Rabbits are furry, robust creatures who live in underground tunnels called warrens. These tunnels serve as their homes and protect them from predators on the surface. There are many species of rabbits, some of whom are domestic while others fend for themselves in the wild. Eventually, some of these animals serve as lunch or dinner to many animals. What predators eat rabbits?
What Eats Rabbits?
Wolves, coyotes, birds, stoats, dogs, and ferrets are some of the animals that eat rabbits. Most rabbits are quick on their feet, and may sometimes outrun a predator. However, rabbits are prey animals, so there’s quite a long list of creatures waiting to eat them.
Here is a list of what eats rabbits, whether domestic or wild.
Rabbit Predator: Wolves
Wolves are carnivorous; they rely on a meat-based diet. Ideally, wolves hunt for bigger animals like deers, elks, or bison. These mammals are massive, and it usually takes a pack of wolves to bring them down. However, wolves also eat rabbits, mice, and birds. Such killings do not feed an entire pack, but a single wolf can have a good meal.
Even though rabbits are quick on their feet, they often fall prey to wolves in the wild. Rabbits are only safe from wolves when they remain in their burrows or race back in before they get caught. In addition, wolves can eat baby rabbits if the nest is not well covered.
Rabbit Predator: Coyotes
Coyotes are not picky eaters. They eat fruits, vegetables, eggs, and hunt animals like rodents, mice, squirrels, lizards, and rabbits. Sometimes, they go after larger animals like deer and elks. They can be found in forests across North America. These predators hunt rabbits in the wild as well as domesticated rabbits. In fact, desperate coyotes have been known to break into rabbit cages to feed on them. They can eat both baby rabbits and adult rabbits. They also scavenge for carrion meat and leftovers.
Rabbit Predator: Bears
Bears are opportunistic predators. Although their diet mainly contains fruits and seeds, bears eat rabbits. They also eat any injured or dead animals they come across while foraging. Bears rarely go hunting for larger animals. But, if they find a dead bison or elk, they will feed on it. On the other hand, rabbits, rodents, and fish are easy prey. So, bears hunt and eat them from time to time.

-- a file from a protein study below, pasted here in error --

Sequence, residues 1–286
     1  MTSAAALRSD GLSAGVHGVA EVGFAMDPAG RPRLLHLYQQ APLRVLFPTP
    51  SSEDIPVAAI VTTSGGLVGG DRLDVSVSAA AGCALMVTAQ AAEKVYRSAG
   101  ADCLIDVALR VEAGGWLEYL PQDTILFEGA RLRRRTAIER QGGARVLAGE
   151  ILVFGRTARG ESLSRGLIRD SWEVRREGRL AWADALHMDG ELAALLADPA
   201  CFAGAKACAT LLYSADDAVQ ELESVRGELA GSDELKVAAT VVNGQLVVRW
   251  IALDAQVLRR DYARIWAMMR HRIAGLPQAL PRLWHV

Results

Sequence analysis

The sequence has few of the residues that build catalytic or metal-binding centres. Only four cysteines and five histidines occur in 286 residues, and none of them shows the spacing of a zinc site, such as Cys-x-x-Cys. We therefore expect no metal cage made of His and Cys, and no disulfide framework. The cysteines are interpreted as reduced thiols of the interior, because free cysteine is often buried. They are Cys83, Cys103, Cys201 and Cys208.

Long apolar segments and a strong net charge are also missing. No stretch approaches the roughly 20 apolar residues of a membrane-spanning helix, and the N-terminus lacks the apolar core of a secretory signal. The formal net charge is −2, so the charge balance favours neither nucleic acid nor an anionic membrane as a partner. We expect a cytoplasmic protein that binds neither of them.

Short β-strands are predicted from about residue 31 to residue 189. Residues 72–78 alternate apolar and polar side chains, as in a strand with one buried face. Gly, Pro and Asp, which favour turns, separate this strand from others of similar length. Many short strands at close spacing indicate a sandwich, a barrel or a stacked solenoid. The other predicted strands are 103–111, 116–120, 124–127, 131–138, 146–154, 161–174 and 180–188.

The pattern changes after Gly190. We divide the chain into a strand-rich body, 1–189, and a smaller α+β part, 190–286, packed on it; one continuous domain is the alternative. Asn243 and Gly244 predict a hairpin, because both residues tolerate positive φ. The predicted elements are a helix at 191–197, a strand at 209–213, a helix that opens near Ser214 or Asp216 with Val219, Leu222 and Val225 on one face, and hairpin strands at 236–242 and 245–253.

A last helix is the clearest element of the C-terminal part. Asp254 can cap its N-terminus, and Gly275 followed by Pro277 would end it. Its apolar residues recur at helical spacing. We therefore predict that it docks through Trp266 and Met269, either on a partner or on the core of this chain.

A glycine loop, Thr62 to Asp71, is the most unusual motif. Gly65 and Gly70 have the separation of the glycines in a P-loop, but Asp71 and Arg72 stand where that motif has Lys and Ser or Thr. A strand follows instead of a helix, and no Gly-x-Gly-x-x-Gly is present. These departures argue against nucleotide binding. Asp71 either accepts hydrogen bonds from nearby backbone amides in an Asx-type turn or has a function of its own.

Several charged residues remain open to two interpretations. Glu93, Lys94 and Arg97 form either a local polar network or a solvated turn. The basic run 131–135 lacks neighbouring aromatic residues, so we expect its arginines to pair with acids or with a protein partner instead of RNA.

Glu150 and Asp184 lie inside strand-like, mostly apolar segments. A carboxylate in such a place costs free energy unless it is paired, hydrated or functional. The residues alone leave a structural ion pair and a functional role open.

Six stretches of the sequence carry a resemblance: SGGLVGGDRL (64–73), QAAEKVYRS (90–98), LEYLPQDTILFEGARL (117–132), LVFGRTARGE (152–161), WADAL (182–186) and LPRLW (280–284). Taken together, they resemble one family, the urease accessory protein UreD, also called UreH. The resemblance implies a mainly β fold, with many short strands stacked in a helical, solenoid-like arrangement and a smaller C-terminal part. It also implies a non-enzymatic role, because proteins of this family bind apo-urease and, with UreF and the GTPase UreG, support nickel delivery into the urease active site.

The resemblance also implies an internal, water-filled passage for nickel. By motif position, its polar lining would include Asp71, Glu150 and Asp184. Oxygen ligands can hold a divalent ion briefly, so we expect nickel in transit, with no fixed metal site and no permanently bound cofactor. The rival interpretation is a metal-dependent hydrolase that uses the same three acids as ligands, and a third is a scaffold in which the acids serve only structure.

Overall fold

Rabbit Predator: Birds
To a large extent, domestic rabbits are safe from birds of prey. As long as they are well hidden, birds cannot reach them. This is not the case for wild rabbits. They get eaten and attacked by birds while foraging on the surface. In addition, predators like hawks, falcons, eagles, and owls are often looking for small mammals like rabbits and squirrels.
Rabbit Predator: Stoats
Stoats are intelligent rabbit hunters. They hunt in groups using their large numbers as a distraction for rabbits. Usually, one stoat will distract a rabbit, leading it into an ambush. The other stoats will then pounce on the victim and feast on it. Stoats are also quite energetic. They give a good chase to mice and voles, chasing them all the way into their homes in the ground. From time to time, stoats also climb trees to raid birds’ nets for eggs and young birds.
Rabbit Predator: Dogs
Dogs are domesticated wolf descendants. Over time, the aggression and love for hunting raw game have become subdued in most species. However, dogs still have their predatory instinct. It is not uncommon to see dogs chasing after rabbits or other small animals. Wild dogs frequently hunt down rabbits for food. Domestic dogs can also chase down rabbits for game or food, depending on their upbringing or species. Dogs like Basset Hounds, Fox Terriers, and Jack Russel Terriers are explicitly bred to prey on small mammals like rabbits.